EASTLAKE, Ohio - So very often in news people are defined in stories by how they died; accidents, shootings, fires etc.
That could have very easily been the case for Frank and Alice Pitchler of Eastlake who on a cold January night in 2009 were sitting in the home they had shared for decades one second, Frank in his recliner and Alice on the couch with her Yorkshire Terrier Spunky on her lap, then in a flash everything changed.
I was working that night at Newschannel 5 when the calls at first started coming into the newsroom about an earthquake. As the assignment desk was busy fielding those viewer calls we heard over the scanners about a house fire.
We would soon realize they were one in the same, the rumbling felt for miles around that people mistook for an earthquake was actually the Pitchler's home exploding.
When I first arrived on the scene I couldn't believe it, there was no house just smoldering timbers where one once stood. No one could have survived this I first thought, had I known the Pitchlers better at the time I would have known they weren't going without a fight, they had come too far, overcome too much to just give up.
Their story together began In England during World War II where Frank, who was born on the 4th of July was a sergeant in the Army and Alice was an English nurse who also drove double decker buses.
The two almost never met because one day Alice was sitting in a theater when a bomb dropped during an air raid destroyed the movie house, she credited her survival that day to a man who landed on top of her who was killed in the blast.
She would soon learn those in the theater were not the only casualties that day, a school behind it was also hit and around 150 students were killed.
The two met at a dance in England and as Frank and Alice fell in love a colonel gave the young sergeant some valuable advice "he says if you want to marry this woman then we gotta get her," his son John recalled. "They brought her in through the camp and they had her married the day before they went out to fight," he said.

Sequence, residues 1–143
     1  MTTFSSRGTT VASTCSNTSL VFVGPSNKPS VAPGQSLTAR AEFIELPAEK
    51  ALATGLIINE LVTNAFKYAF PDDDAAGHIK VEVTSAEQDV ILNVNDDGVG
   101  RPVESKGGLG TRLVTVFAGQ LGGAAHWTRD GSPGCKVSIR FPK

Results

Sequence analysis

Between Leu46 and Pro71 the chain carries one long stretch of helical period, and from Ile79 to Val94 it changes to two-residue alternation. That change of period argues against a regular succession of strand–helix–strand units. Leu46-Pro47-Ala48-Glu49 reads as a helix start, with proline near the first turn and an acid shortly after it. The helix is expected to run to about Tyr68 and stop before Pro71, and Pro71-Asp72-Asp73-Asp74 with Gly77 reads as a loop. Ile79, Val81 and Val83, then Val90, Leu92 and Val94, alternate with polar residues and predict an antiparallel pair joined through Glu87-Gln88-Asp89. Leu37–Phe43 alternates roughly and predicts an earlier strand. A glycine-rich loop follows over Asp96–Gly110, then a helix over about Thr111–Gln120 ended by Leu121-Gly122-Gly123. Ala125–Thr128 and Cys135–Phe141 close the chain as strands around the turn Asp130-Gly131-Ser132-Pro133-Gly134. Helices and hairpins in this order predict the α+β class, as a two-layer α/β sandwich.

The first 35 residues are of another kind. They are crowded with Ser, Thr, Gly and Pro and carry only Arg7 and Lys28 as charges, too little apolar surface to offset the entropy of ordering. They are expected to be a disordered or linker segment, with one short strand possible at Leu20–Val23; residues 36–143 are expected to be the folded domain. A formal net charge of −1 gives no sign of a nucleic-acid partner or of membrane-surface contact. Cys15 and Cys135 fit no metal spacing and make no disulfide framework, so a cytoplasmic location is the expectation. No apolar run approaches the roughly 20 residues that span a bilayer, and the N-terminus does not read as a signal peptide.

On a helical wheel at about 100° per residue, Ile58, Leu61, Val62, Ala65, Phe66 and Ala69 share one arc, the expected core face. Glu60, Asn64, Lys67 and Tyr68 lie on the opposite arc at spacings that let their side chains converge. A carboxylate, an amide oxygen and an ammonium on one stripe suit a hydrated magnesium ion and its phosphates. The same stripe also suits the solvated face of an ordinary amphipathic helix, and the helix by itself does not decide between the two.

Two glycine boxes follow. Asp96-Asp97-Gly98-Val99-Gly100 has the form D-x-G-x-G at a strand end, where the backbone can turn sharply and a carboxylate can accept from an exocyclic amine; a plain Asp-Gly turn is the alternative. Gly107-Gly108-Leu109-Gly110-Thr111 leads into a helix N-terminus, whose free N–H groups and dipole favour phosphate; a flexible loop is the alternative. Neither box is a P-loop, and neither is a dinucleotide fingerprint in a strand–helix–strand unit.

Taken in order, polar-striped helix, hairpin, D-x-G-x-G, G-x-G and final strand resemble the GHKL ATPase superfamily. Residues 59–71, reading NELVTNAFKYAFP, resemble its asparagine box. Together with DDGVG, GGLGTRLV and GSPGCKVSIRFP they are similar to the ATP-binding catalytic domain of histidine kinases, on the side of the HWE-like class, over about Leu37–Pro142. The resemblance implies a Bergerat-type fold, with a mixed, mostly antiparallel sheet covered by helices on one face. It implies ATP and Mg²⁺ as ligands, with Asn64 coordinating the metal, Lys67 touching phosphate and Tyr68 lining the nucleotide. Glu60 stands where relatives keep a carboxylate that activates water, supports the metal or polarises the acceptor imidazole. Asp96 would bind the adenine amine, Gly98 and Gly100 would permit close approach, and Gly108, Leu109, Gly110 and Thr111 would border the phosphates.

Where Frank was headed you see was to Normandy and Omaha Beach, D-Day.
On June 6, 1944 Frank Pitchler stormed the beaches of Northern France, a day that would be forever synonymous with the war.
His son Frank recalls his father telling him how he prepared to take the beach standing between two other sergeants. "When that gangplank went down those two guys were dead like that, they got shot. He said the Germans had them zeroed in."
But as word of the invasion reached his new bride of five weeks back in England it was soon followed by the devastating news that many in Frank's company had been killed.
She wouldn't believe it though her son said, "so she lit candles every night at the church and prayed for him to be alive."
Frank, she would soon learn, did survive D-Day and would go onto fight in the Battle of the Bulge before returning to Northeast Ohio with Alice to start a family but with a view on life seen through different eyes, not sweating the small stuff.
"Maybe their outlook was a little bit different than most because of the war and what they went through," said their son John. "So they took life a little more easier than maybe some other people who weren't through that experience."
So it was no surprise as neighbors ran to the Pitchler's house that January night that they would find the couple seriously injured but alive, Frank still sitting in his recliner, his home gone around him.
As they were rushed to the hospital they were thinking not of themselves but of each other. Alice was the most seriously injured but her son recalled the doctors assuring her that Frank was OK.
When they did, her son says she closed her eyes and you could see the relief on her face. She died a few hours later.
Frank would recover and live another two years before he died in March of 2011 at the age of 88.
The family takes solace in their many years with their parents and in sharing something else, Spunky, Frank and Alice's Yorkshire Terrier who against improbable odds survived the blast that night unscathed.
The dog now lives with son Frank. "My mother died on my birthday, January 29," Frank said. "That's why I think I like (Spunky) so much because I know that my Mom was attached to him."